This concert took place in the concert hall without a live audience: you can (re)watch the livestream until 5 April.
“All great music is contemporary. If it's still alive and kicking, then it's contemporary.” - Steve Reich
The Desert Music (1983) shows us a milder Reich as he explores the new possibilities offered by a large orchestra and choir.
His ability to communicate social and philosophical questions in music also comes to the fore here: with the dark poetry of William Carlos Williams as the engine that unrolls a constant rhythmical canvas, Reich addresses the destructive whims of humanity.
Steve Reich was at the origins of a new musical style in the 1960s: minimal music. Repetitive motifs, powerful rhythms, music that stood on its own – the listener having no other hold than time, space and the surroundings in which it is heard.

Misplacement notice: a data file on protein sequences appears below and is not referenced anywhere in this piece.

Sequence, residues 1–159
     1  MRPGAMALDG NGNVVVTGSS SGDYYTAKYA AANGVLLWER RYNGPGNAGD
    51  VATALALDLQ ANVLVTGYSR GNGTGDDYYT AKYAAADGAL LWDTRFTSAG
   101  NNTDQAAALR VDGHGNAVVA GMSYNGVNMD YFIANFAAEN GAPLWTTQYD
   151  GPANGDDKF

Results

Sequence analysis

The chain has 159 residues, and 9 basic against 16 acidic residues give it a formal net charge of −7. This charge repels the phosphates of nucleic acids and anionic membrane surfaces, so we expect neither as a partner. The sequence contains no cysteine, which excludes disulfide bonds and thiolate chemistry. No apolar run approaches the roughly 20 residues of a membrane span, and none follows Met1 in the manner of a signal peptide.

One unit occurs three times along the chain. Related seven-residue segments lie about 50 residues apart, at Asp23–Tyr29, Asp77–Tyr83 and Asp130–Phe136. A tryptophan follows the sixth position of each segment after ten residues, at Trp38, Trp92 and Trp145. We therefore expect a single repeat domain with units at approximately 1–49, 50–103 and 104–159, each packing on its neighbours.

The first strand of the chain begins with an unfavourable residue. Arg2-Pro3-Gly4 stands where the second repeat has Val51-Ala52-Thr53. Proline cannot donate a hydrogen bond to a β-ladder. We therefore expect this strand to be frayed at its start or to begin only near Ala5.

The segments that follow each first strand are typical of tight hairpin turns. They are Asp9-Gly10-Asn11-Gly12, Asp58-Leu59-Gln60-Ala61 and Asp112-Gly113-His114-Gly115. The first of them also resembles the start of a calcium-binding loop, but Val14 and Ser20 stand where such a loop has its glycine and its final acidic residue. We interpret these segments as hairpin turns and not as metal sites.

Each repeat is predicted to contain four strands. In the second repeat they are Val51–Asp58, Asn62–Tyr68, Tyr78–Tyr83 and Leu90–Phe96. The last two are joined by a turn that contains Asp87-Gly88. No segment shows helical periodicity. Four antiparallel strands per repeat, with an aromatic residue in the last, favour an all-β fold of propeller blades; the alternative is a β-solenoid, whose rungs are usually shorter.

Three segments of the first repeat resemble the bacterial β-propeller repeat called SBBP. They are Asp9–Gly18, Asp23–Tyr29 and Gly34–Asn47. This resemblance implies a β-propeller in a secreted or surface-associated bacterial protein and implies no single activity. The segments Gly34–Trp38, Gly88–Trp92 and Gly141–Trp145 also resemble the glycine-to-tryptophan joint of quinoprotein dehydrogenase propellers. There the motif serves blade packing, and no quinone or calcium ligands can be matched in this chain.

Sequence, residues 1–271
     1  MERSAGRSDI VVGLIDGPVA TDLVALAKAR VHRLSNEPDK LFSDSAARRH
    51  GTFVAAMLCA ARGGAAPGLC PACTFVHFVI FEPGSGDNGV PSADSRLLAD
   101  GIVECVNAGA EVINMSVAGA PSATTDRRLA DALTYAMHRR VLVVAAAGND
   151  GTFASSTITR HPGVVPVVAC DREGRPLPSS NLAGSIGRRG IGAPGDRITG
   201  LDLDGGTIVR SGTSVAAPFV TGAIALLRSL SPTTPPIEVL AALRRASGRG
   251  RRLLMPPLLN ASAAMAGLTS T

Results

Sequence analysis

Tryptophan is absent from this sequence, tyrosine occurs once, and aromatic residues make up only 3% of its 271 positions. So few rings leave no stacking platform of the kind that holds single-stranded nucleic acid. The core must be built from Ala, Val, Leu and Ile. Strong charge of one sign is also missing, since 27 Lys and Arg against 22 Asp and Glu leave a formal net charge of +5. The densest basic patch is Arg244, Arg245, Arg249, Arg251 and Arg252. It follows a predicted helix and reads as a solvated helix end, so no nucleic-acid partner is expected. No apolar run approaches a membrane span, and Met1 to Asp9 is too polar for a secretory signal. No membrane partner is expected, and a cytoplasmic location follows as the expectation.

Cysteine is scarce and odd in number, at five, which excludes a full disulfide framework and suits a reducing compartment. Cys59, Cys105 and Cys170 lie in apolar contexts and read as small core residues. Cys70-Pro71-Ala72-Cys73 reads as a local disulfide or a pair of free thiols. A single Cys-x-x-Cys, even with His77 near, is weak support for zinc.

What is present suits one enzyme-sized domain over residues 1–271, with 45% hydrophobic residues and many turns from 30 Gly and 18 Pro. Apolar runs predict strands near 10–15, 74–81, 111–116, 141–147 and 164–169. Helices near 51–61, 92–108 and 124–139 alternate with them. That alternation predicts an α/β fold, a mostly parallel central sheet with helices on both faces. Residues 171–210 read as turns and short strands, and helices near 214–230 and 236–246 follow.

In 1983, Reich was ready to set aside his reservations about large formations: until that time, he thought that symphonic ensembles lacked the rhythmic versatility and precision necessary for his music. The Desert Music shows that it can.
The Desert Music (1983)
(version for reduced strings)
Want to learn more about the music and the artists? Read the lyrics? Download your programme booklet.
BBC 's Stephen Johnson explores visions of nuclear armageddon in Steve Reich's The Desert Music.
Have a look into what started it all for Steve Reich and other personal anecdotes.watch the video
Steve Reich may have been inspired by him, but who was the American writer and poet William Carlos Williams actually?read more
This concert will take place in the concert hall, even without a live audience: you can watch the concert via the livestream.
🎟️🎫 Buy your tickets (€5) here!
Livestream available until 5 April.